While our president gets ready to push through his questionable nuclear deal with Iran, the Pentagon is acknowledging an inconvenient truth. The administration will field less of a ballistic-missile killing seaborne fleet than it promised Congress just a few months ago.
“Instead of 48 ‘BMD [ballistic missile defense] capable ships’ the MDA [Missile Defense Agency] estimated the U.S. would have by FY [fiscal year] 2020, the force will be instead 39 ‘BMD deployable ships’ — a difference of nine ships,” reports Sam LaGrone, the editor of USNI News.
That gap is bigger than the numbers suggest at first glance. Typically, only one-third of the fleet is at sea at any one time. That leaves the Navy with about an unlucky 13 ships to cover the whole world at any particular moment.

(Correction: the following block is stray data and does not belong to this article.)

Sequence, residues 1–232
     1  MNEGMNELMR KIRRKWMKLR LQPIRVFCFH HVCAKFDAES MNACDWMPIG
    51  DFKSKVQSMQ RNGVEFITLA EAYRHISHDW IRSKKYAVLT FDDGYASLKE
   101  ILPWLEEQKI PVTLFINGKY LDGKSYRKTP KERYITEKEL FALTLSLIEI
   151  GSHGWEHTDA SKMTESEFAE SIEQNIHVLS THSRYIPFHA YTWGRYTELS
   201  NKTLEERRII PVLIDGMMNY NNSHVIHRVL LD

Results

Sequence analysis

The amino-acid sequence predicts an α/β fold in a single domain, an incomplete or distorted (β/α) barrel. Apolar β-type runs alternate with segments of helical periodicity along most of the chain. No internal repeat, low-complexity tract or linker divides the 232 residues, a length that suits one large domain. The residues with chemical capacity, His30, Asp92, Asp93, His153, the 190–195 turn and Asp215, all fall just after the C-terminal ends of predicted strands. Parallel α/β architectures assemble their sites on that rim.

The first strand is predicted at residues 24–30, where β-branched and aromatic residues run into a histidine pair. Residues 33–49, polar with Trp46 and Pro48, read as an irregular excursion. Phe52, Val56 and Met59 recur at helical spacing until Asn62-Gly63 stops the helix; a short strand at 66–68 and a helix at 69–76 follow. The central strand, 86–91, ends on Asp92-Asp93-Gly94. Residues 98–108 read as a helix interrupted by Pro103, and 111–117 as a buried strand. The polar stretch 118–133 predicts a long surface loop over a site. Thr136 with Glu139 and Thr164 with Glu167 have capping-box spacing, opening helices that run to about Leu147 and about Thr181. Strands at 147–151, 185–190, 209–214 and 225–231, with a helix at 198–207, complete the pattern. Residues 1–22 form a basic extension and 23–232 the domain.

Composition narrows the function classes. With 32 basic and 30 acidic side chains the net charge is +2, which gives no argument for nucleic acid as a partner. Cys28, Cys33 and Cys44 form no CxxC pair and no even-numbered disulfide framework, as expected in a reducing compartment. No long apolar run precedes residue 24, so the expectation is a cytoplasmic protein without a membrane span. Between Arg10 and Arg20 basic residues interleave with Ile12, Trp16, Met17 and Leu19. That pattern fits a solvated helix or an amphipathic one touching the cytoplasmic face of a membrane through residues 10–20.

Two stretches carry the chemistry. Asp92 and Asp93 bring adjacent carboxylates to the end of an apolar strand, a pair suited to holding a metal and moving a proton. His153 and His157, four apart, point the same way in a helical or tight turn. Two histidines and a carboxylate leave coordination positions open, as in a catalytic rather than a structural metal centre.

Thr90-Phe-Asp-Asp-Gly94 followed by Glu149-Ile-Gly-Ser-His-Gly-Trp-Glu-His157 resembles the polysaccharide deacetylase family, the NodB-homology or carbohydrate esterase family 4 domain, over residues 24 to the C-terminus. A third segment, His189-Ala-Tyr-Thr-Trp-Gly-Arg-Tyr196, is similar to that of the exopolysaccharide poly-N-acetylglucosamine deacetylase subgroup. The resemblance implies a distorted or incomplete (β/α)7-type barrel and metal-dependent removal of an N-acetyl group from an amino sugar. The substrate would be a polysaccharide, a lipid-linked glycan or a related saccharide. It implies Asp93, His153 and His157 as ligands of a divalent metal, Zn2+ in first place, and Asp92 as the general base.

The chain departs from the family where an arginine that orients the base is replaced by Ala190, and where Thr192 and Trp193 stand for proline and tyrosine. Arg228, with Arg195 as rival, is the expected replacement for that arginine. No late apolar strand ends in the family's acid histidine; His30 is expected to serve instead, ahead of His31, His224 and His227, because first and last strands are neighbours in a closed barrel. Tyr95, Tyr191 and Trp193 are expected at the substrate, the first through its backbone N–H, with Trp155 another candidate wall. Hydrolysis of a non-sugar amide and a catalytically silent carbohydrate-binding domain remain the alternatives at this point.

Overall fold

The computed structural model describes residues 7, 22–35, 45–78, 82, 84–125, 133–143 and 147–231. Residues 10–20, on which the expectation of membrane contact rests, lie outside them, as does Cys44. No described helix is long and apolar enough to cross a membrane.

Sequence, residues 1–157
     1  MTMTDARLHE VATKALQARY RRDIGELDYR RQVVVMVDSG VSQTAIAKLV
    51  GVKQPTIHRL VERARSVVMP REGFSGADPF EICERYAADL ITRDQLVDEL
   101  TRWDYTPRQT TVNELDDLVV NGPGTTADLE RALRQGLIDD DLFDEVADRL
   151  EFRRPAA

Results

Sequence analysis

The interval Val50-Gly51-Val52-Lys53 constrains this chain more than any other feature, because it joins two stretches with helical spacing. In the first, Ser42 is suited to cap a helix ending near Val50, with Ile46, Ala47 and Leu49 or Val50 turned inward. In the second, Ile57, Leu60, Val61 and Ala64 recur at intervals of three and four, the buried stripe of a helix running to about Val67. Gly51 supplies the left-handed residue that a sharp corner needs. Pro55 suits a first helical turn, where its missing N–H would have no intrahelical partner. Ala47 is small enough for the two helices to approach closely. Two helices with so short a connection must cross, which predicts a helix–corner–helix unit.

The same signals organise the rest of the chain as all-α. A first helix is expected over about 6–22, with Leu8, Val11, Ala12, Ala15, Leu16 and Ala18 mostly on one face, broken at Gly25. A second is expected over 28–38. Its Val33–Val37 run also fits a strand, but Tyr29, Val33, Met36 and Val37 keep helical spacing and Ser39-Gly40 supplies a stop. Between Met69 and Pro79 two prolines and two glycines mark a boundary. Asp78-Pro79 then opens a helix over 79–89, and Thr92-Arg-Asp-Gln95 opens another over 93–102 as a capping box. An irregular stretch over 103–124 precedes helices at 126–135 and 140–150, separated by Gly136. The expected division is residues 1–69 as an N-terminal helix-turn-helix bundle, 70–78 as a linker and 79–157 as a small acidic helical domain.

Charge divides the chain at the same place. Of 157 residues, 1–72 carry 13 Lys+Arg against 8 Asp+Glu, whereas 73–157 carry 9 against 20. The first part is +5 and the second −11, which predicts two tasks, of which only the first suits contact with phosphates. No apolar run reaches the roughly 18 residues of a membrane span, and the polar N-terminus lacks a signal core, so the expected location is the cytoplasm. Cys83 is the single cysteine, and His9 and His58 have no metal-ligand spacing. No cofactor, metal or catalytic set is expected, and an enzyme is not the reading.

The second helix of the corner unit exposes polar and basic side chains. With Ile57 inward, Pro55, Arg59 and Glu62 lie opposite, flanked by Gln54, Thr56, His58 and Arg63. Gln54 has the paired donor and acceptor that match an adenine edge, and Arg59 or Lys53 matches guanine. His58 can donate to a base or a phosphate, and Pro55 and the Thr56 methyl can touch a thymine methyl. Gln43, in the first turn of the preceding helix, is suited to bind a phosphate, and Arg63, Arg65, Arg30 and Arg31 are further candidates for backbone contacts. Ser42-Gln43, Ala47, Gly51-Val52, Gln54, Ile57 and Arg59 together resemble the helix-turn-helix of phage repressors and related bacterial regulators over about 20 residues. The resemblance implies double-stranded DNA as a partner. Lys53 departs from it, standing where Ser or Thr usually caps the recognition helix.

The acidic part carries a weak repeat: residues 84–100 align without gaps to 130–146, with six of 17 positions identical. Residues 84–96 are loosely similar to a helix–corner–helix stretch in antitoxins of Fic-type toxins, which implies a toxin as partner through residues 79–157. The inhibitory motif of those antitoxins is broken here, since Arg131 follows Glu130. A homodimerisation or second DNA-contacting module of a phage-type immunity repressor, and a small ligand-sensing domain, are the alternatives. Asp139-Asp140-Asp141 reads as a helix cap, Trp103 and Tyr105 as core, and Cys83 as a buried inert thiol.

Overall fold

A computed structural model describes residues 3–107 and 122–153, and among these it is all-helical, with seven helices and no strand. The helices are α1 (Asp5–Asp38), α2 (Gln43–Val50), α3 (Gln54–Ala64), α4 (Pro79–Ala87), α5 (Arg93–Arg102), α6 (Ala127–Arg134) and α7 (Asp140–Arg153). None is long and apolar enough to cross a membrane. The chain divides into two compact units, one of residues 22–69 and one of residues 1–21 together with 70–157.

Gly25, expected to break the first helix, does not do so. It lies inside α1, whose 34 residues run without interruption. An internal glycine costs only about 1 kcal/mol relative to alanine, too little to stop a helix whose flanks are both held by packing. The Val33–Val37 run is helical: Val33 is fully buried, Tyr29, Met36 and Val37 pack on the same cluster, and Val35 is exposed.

What’s scarier? The Pentagon estimates it needs about 70 ships.
None of this would be much of a worry if the threat of nuclear-tipped missiles being aimed at us and our friends and allies was going down. But it is not. The threat is growing.
Many experts suspect the Iran deal will fall apart, making the danger of war more likely — and making the global nuclear threat even more gruesome.
Oh, how the world has turned on its head. A decade ago, Washington recognized the ballistic missile danger was real and growing. There was a robust plan to stay ahead of the threat. Over his tenure as president, however, Obama has peeled off programs and capacity like a chef skinning an onion.